Firm Dollar Weighed on Metal Prices
Brent crude futures slipped by 4%, $2.83, at $67.88 a barrel, and WTI futures declined by 4.2% or $2.87, to $65.39.
Natural gas contacted by 1.47% or 0.061 at $4.079.
Gold lost 1.1% to $1,743.16 per ounce.
Silver as much as 7.5% and copper slipped by 1.2% at $9,353.
Corn futures eased on Monday. Meanwhile, soybeans futures traded with increases.
Crude oil drops 4% due to China’s restrictions
Crude prices fell by 4% on Monday, extending last week’s heavy losses on the dollar’s advance and concerns that further coronavirus-related restrictions in Asia, especially China, slow down the global recovery in oil demand.
A serious warning from a United Nations panel on climate change also added to the bleak atmosphere after fires swept through homes and forests in Greece and parts of Europe suffered deadly floods last month.
Brent crude futures slipped by 4%, $2.83, at $67.88 a barrel, following a 6% plunge last week, its most significant weekly loss in four months.
Meanwhile, WTI futures declined by 4.2% or $2.87, to $65.39, after losing almost 7% last week. On Monday, the contract fell to $65.15, its lowest since May.
Concerns about a potential reduction of global oil demand have resurfaced with the acceleration of the infection rate of the Delta variant.
ANZ analysts pointed to the new restrictions in China, the world’s second-largest consumer of crude oil, as a significant factor dimming the outlook for demand growth.
The dollar’s advance to a four-month high against the euro also affected oil prices following the optimistic employment report published in the United States last Friday.
Natural gas prices keep falling
Natural gas futures traded lower today in contrast to the sharp rises they experienced last week. At the time of writing, natural gas was trading with a decrease of 1.47% or 0.061 at $4.079.
According to NatGasWeather, for August 9-15, demand will be solid this week in the US. The warmest temperatures will be in the west, Texas and the plains, where highs will reach between 90 and 100 degrees. The temperature will reach these heights in the northwest, too, in the middle of the week. The coldest exceptions will be in the North Plains when a storm brings showers and highs of 60 to 80 F, finally leaving and passing through the Great Lakes at the end of the week.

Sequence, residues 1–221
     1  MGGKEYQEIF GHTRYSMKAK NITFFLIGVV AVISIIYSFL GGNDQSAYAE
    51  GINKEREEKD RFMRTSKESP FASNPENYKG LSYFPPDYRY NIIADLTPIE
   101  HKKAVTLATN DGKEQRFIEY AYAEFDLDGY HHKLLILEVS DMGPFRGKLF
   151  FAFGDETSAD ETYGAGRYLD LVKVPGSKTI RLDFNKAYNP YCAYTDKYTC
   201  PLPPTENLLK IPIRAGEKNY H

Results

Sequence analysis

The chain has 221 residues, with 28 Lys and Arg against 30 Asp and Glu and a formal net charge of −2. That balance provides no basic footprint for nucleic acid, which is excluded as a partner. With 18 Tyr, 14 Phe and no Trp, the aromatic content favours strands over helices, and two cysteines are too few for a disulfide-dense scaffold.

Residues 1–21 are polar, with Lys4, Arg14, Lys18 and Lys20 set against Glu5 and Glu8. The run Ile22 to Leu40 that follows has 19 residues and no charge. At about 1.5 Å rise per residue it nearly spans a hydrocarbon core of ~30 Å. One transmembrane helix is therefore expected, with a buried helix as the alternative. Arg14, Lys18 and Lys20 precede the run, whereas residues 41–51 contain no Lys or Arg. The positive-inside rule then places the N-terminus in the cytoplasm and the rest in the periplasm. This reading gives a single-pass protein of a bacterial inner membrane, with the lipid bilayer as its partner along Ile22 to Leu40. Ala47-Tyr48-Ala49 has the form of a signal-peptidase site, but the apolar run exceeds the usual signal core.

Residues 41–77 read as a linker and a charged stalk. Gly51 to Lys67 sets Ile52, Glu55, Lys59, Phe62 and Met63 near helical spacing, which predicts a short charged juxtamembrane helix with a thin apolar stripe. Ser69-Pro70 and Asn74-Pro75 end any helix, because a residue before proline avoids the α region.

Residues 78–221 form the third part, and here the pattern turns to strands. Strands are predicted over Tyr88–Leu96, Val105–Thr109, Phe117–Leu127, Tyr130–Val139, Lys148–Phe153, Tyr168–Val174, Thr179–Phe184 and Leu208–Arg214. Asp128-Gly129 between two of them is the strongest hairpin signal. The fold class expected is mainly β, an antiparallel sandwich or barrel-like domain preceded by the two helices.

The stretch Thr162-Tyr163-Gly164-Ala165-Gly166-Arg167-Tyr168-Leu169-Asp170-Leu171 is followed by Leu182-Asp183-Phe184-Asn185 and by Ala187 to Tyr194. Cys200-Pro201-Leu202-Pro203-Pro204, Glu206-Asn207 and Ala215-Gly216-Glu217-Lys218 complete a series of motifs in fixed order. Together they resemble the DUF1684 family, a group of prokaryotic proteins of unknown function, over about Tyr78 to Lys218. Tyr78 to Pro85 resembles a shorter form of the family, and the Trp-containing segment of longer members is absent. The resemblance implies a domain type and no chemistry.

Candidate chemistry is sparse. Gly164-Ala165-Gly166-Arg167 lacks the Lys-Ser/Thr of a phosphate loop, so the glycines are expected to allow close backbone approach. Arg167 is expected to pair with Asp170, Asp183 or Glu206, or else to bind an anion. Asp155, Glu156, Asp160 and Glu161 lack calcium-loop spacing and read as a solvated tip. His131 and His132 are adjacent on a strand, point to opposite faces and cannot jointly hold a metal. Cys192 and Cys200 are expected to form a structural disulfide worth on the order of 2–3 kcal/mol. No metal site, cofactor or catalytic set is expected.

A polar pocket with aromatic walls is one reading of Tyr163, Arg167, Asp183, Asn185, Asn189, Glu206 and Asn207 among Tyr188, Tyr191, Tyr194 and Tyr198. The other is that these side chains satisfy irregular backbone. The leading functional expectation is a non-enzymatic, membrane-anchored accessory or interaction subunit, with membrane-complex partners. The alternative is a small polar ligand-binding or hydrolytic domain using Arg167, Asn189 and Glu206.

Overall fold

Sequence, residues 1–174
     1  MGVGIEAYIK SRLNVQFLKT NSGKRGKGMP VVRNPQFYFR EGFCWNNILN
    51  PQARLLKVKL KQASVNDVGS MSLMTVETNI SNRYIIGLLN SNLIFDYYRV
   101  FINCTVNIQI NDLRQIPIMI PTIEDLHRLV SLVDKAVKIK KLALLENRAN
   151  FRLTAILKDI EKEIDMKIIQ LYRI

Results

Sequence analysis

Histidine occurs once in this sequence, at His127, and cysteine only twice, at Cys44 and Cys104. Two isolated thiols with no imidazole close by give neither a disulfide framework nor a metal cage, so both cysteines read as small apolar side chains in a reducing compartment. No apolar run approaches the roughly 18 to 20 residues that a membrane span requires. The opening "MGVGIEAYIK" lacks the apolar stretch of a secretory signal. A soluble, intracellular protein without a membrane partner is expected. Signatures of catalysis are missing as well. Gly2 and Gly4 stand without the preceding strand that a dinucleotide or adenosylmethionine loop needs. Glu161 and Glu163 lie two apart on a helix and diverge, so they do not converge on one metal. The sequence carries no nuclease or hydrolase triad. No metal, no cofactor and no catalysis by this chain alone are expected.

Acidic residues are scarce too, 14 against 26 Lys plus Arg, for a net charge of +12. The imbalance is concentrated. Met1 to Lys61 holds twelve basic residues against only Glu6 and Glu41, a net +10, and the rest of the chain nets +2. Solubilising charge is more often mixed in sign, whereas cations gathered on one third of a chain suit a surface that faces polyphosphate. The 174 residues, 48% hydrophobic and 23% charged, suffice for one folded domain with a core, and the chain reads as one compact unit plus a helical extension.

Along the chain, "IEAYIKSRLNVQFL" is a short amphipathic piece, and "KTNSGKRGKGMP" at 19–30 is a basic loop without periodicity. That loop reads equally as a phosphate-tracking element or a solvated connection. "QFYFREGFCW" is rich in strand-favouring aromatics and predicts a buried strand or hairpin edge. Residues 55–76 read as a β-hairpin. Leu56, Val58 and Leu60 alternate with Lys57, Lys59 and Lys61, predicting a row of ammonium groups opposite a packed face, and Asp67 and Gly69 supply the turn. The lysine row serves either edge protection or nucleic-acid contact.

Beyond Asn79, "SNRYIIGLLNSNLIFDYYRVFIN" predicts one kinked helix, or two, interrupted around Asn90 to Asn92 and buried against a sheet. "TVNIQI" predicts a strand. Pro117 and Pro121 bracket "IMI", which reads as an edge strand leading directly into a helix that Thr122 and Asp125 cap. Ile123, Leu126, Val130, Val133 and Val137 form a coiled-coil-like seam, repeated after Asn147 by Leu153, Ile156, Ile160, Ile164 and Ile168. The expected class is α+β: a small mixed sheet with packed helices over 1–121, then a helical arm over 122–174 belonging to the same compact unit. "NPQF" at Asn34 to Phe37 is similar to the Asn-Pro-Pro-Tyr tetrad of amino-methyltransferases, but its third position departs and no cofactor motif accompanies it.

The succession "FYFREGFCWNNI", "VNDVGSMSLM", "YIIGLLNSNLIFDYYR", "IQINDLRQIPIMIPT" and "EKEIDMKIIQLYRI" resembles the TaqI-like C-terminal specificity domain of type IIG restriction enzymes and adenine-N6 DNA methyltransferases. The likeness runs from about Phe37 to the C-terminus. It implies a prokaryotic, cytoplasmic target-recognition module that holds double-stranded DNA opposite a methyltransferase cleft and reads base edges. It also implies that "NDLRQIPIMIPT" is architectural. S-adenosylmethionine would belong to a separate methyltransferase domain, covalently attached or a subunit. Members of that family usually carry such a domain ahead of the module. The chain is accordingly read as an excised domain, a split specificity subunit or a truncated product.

In general, NatGasWeather expects national demand to be high to very high this week.
Gold and silver plunged after stronger dollar
Gold prices dropped to their lowest in more than four months since the dollar strengthened after solid US labour data supported expectations for early tapering of stimulus.
Spot gold lost 1.1% to $1,743.16 per ounce. Prices sank below $1,700 in the early Asian trading, falling as much as 4.4%, but recovered some of those losses.
Until now, the weakness of the labour market has been the reason given by the monetary authorities to delay any change in their monetary policy that could negatively affect economic growth. However, these figures increase the probability that the members of the Federal Reserve will be able to design and announce a specific plan to reduce the monetary stimulus, including increases in the reference interest rate.
Interest rates reacted upward with the employment report but remain negative and very close to historical lows. Additionally, according to analysts, companies continue to experience difficulty finding qualified workers willing to fill the available positions. So, the increases in payroll will not necessarily be maintained in the near future.
This scenario could allow the price of gold to find support and try to recover little by little.
Silver also followed gold’s dip and plunged as much as 7.5%, to its lowest in more than eight months, to $22.50 per ounce. The white metal lost 1.9% at $23.87 in the previous session.
Copper slipped to its two week low
The firm dollar also affected copper prices, having slid to their two-week lows. However, a potential strike at the world’s largest copper mine in Chile contained a further drop.
Benchmark copper on the LME was trading with a loss of 1.2% at $9,353 a tonne, close to its lowest since July 21 at $9,344.50.
Copper traders say the dollar is one factor behind the selling of red metal. Another one is Chinese demand. On the other hand, increasing risks of a strike at the Escondida mine in Chile increase supply concerns.
A higher dollar makes dollar-priced commodities more expensive for holders of other currencies, which could repress demand.
Grains started a week mixed
Farm markets started Monday mostly with decreases. In early trading, corn futures for September delivery were trading with a drop of 6½¢ at $5.48¼. Corn futures for December slipped by 6¢ at $5.50½. March corn futures lost 6¼¢ at $5.58¼.
As for soybean, September futures increased by 2½¢ $13.46. Meanwhile, soybean futures for November added 2¢ at $13.38. January soybean futures increased by 1½¢ at $13.43.
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